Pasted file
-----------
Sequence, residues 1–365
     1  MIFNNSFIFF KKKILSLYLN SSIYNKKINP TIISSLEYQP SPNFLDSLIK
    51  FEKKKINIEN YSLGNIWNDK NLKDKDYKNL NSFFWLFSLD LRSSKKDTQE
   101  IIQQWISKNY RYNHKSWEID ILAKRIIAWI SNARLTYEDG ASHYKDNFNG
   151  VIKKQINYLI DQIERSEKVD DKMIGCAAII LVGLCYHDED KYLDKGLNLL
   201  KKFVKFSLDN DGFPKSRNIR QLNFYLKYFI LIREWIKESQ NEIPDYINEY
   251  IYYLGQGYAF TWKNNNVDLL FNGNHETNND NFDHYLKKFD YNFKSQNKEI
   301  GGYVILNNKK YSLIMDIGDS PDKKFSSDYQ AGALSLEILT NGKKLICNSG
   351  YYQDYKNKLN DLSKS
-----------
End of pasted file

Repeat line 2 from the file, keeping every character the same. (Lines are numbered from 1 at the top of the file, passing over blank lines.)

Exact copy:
     1  MIFNNSFIFF KKKILSLYLN SSIYNKKINP TIISSLEYQP SPNFLDSLIK